Most ordinary Israelis reacted with nonchalance to the Knesset’s dissolution and news of another election on March 2, after the bill was enacted by their failed politicians on Wednesday night, Dec. 11 – in contrast to excited media reporters and pundits. By and large, they tuned out the broadcast cries of horror over an unprecedented third election in a year. Certainly, none took to the streets in protest. Inured by now to the unresolved political stalemate that has semi-paralyzed government since last September, it was business as usual for most of the country. Therefore, predictions of an exceptionally vicious election campaign by the parties that failed to form a coalition government after two elections, fall flat. They have heard it all before. The newcomer Benny Gantz and his Kahol Lavan party have daily slammed Likud’s Binyamin Netanyahu for refusing to hand over the premiership while under indictment for corruption, while Netanyahu hits back by accusing his opponents of exploiting a conspiracy by the law enforcement system to unseat him.
At the last minute before the Knesset vote, Gantz made a dramatic appeal to the prime minister: “Give up your legal right to immunity from prosecution and we can then talk.” Netanyahu did not bother to reply, only accusing his rival of his “usual spin.”
Most people shrug as those bitter charges go back and forth and mutual accusations are hurled of responsibility for the failure to bring a new coalition into the world and avert a useless election which few expect to change the political map except peripherally. They’ve heard it ad nauseum.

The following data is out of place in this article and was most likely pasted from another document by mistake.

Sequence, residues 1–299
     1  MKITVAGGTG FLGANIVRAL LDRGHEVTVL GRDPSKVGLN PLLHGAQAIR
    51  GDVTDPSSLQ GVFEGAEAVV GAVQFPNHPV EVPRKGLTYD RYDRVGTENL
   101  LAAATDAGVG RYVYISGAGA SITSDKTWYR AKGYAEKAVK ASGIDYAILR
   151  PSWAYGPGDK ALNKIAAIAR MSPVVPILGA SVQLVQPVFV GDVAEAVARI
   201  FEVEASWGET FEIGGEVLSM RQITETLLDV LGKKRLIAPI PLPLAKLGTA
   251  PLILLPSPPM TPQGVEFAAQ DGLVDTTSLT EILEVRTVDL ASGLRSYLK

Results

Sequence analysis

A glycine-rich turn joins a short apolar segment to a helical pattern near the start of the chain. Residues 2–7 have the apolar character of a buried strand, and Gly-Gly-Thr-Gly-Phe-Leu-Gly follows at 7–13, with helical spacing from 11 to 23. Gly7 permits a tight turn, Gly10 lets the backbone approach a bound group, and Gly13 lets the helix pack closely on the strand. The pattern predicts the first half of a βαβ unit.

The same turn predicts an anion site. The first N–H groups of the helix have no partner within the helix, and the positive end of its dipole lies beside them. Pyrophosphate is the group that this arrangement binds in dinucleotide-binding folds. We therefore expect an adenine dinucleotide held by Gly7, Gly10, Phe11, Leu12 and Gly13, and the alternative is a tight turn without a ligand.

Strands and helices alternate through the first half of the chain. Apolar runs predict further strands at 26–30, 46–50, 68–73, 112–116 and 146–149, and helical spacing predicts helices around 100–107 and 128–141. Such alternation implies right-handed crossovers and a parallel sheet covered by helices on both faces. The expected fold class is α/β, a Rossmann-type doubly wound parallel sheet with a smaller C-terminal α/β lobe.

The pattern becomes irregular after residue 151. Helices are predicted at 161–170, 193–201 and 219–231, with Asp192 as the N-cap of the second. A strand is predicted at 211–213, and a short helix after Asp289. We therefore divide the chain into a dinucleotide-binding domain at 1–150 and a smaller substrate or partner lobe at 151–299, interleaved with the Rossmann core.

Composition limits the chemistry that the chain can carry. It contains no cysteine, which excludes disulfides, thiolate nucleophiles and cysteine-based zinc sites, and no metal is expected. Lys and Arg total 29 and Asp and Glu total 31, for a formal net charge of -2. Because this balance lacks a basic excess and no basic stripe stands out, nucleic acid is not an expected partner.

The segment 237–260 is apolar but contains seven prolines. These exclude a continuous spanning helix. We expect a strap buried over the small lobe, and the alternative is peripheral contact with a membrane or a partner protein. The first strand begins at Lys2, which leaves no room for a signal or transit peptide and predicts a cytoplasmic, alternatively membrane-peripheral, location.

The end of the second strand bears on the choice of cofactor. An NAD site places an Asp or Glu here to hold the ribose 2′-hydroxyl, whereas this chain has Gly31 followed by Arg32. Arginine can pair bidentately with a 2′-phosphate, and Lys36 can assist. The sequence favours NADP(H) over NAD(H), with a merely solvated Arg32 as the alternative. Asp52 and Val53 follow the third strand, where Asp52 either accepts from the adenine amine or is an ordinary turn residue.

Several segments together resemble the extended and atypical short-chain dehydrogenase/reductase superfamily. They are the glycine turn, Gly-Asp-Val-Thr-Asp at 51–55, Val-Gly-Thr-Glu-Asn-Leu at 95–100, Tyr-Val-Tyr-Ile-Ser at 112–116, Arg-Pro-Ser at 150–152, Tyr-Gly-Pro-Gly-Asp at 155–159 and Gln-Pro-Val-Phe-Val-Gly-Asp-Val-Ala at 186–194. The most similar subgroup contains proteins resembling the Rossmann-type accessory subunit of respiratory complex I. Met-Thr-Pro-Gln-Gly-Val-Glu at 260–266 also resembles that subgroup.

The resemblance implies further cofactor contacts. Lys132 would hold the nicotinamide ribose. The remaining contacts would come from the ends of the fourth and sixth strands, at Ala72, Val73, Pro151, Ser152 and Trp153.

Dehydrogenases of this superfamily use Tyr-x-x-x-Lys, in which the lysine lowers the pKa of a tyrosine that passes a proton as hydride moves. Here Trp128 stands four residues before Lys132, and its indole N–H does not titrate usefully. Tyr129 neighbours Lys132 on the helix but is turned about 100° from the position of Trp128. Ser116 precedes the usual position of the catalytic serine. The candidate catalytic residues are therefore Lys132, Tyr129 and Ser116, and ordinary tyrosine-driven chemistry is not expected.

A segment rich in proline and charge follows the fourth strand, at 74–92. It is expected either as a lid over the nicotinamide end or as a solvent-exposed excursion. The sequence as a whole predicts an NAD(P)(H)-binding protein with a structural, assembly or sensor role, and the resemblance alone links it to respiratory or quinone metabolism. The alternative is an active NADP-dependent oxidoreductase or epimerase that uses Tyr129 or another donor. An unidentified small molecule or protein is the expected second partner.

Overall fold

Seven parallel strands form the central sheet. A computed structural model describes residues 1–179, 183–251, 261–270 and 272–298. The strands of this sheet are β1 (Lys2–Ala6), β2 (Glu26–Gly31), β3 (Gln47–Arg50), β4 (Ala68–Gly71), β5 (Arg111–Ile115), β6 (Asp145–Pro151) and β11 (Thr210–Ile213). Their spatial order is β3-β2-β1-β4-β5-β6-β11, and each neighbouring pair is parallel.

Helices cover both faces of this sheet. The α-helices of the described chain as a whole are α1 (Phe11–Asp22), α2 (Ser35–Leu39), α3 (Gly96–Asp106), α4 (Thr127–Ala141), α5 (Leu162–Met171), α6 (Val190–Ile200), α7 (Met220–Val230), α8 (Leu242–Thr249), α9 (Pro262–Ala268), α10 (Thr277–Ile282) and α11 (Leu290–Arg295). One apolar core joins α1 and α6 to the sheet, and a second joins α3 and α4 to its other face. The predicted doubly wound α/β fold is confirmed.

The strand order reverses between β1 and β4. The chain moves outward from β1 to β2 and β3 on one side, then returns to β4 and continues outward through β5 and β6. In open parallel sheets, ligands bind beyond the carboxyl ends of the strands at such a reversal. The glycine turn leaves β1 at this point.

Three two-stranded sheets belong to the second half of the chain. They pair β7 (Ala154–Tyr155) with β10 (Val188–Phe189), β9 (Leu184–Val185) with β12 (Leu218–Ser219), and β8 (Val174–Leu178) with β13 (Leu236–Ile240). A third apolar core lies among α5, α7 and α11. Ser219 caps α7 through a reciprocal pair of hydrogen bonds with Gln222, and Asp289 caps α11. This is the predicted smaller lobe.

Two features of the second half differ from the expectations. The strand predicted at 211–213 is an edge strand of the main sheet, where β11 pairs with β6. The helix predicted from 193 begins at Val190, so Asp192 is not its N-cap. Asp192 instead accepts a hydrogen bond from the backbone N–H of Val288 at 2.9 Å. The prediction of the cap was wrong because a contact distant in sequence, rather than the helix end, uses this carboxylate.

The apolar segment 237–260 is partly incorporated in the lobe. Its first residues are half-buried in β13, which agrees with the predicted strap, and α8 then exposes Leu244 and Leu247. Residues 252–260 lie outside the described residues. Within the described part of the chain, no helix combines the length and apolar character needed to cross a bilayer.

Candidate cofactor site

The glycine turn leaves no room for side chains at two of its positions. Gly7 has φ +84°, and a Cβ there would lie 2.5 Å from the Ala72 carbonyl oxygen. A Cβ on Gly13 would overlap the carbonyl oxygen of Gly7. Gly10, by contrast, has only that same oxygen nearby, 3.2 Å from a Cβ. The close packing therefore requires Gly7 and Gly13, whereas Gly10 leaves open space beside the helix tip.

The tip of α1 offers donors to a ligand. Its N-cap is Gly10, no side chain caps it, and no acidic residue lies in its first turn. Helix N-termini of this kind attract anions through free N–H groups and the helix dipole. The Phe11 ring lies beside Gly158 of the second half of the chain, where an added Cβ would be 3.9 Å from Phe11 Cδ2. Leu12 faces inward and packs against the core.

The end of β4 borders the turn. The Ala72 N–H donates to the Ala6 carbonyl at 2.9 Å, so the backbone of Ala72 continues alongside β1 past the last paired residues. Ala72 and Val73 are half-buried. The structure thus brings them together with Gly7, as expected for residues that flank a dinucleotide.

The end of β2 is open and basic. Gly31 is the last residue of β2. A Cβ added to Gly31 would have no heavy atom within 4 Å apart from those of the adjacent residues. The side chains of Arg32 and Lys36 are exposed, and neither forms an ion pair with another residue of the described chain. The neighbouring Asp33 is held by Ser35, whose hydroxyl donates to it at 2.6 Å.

Because most of the contenders have used up their arsenals of meaningful campaign ammo, they are digging for new tricks. Suddenly, they are magnanimously offering non-existent concessions. For a power-sharing deal that was never negotiated, Netanyahu would accept a mere six months of his half-term as prime minister, provided he goes first. Gantz would give up the (putative) premiership so long as he can keep faith with Kahol Lavan voters and never sit in the same cabinet as Netanyahu. His sidekick Yair Lapid would concede his deal with Gantz to rotate the premiership between them, if Gantz takes the seat of prime minister. Gideon Saar of Likud offers to forego his lone, unendorsed challenge against Netanyahu for the party leadership in the Dec. 26 primary, in order to bid against him after Likud fails in the March election, although its outcome is unknowable. Avigdor Lieberman, who has parlayed his 8 Yisrael Beteinu MKs, as the key to a majority government, turned down all offers to join either Gantz or Netanyahu, after falling in love with his role as kingmaker. He therefore shares responsibility for the stalemate that has triggered a pointless election. On Thursday morning, the average Israeli got up as usual, ferried the kids to school and went to work, mostly through the usual logjam. Election day is a national holiday and so, on March 2, it will again be out with the barbecues and on with the trips to the beach after roughly 60pc of the electorate spend a few minutes in the voting booths.